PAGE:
Does anybody have a clear vision of the desirable financial system of the future? This column has one. It gives simple answers to 12 simple questions panellists at a recent IMF conference failed to answer.
It is now generally accepted that financial factors can significantly influence output, sometimes driving it away from sustainable levels. Yet, when it comes to assessing potential output – the maximum level of economic activity that can be sustained over time – the influence of financial conditions is generally neglected. This column argues that embedding information from variables that proxy the financial cycle leads to estimates of potential output that are much more precise and, above all, much more robust in real time. These estimates could help improve policymaking.
Depositors in Eurozone banks are facing a steep learning curve on just exactly what deposit insurance means. This column points out that the precedents set in Cyprus and Iceland show that deposit insurance is only a legal commitment for small bank failures. In systemic crises, these are more political than legal commitments, so the solvency of the insuring government matters. A Eurozone-wide deposit-insurance scheme would change this.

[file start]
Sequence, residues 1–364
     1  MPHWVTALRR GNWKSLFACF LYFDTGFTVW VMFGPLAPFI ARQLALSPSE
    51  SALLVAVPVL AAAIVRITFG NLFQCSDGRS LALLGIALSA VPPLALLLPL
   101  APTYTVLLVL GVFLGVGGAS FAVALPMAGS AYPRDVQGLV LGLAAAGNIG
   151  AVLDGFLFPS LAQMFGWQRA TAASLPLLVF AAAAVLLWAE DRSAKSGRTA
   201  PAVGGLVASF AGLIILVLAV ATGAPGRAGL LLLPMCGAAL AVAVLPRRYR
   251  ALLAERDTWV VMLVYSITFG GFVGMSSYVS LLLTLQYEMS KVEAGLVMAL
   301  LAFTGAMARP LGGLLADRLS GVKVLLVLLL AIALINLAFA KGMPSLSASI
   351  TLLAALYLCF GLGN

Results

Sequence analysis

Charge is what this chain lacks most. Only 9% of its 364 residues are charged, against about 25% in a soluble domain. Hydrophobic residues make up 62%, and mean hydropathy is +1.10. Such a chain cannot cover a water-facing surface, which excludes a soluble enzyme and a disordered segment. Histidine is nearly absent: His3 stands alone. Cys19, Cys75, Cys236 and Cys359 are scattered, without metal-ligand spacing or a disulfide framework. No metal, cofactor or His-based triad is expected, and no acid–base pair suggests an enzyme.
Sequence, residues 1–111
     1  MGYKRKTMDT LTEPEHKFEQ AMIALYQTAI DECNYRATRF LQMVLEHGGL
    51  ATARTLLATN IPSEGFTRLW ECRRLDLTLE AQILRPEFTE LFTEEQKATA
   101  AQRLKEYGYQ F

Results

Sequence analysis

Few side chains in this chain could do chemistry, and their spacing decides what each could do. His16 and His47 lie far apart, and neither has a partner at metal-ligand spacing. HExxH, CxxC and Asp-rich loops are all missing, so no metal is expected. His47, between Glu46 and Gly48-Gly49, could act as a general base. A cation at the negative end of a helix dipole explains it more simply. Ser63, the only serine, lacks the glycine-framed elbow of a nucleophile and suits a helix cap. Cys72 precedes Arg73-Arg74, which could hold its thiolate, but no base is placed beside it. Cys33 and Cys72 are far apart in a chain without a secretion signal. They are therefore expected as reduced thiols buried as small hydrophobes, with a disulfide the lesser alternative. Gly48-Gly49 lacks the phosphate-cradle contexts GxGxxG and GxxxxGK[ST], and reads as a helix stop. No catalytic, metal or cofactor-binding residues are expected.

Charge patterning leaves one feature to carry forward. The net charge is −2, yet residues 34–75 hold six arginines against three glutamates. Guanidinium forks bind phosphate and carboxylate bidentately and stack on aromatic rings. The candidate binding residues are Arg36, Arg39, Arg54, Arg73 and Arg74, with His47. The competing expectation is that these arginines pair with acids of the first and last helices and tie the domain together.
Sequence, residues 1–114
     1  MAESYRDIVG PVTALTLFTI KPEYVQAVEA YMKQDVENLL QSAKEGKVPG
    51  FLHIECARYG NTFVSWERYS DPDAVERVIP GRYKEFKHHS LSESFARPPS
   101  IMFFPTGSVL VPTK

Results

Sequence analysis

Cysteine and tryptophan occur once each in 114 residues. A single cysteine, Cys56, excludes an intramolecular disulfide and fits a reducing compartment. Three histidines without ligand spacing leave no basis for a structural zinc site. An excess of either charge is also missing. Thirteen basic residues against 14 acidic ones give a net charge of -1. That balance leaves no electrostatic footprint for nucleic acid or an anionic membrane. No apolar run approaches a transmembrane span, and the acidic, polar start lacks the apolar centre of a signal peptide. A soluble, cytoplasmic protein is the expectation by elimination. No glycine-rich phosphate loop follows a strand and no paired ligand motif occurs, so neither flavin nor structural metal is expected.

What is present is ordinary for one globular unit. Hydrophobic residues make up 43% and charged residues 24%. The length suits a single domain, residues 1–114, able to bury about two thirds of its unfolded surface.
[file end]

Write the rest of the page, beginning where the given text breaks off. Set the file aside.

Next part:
This reposted column corrects an error, due to the editor, that was in the first posting.
David Cameron’s promise of a referendum on British participation in the EU has re-ignited the debate about the EU’s democratic legitimacy, just as the struggle to overcome the crisis continues. This column argues that in order to both successfully resolve the crisis and maintain states’ ability to sustain liberal finance, a substantial shift in policy is required. Enhancing the democratic legitimacy of crisis resolution measures and wider financial reforms is essential. Without diffuse support for reforms, crisis resolution is likely to collapse under centrifugal populist pressures.
Eurozone policy seems driven by market sentiment. This column argues that fear and panic led to excessive, and possibly self-defeating, austerity in the south while failing to induce offsetting stimulus in the north. The resulting deflation bias produced the double-dip recession and perhaps more dire consequences. As it becomes obvious that austerity produces unnecessary suffering, millions may seek liberation from ‘euro shackles’.
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